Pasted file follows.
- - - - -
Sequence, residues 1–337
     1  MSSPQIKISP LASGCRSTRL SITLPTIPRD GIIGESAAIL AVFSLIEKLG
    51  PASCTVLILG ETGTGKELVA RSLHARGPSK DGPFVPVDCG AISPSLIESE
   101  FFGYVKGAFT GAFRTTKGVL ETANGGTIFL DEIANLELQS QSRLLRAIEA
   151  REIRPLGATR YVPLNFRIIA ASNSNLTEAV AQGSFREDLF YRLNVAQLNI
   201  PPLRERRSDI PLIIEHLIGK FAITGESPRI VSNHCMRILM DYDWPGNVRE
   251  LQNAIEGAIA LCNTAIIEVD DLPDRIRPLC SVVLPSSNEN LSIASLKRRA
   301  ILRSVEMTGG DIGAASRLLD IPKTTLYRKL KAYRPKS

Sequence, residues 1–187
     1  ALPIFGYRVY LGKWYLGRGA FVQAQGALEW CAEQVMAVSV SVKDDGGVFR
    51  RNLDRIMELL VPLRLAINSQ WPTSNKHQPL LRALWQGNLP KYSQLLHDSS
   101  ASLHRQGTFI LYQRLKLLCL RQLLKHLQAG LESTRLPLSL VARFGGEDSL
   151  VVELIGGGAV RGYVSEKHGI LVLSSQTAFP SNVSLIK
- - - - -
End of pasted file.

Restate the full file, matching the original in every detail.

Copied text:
Sequence, residues 1–337
     1  MSSPQIKISP LASGCRSTRL SITLPTIPRD GIIGESAAIL AVFSLIEKLG
    51  PASCTVLILG ETGTGKELVA RSLHARGPSK DGPFVPVDCG AISPSLIESE
   101  FFGYVKGAFT GAFRTTKGVL ETANGGTIFL DEIANLELQS QSRLLRAIEA
   151  REIRPLGATR YVPLNFRIIA ASNSNLTEAV AQGSFREDLF YRLNVAQLNI
   201  PPLRERRSDI PLIIEHLIGK FAITGESPRI VSNHCMRILM DYDWPGNVRE
   251  LQNAIEGAIA LCNTAIIEVD DLPDRIRPLC SVVLPSSNEN LSIASLKRRA
   301  ILRSVEMTGG DIGAASRLLD IPKTTLYRKL KAYRPKS

Sequence, residues 1–187
     1  ALPIFGYRVY LGKWYLGRGA FVQAQGALEW CAEQVMAVSV SVKDDGGVFR
    51  RNLDRIMELL VPLRLAINSQ WPTSNKHQPL LRALWQGNLP KYSQLLHDSS
   101  ASLHRQGTFI LYQRLKLLCL RQLLKHLQAG LESTRLPLSL VARFGGEDSL
   151  VVELIGGGAV RGYVSEKHGI LVLSSQTAFP SNVSLIK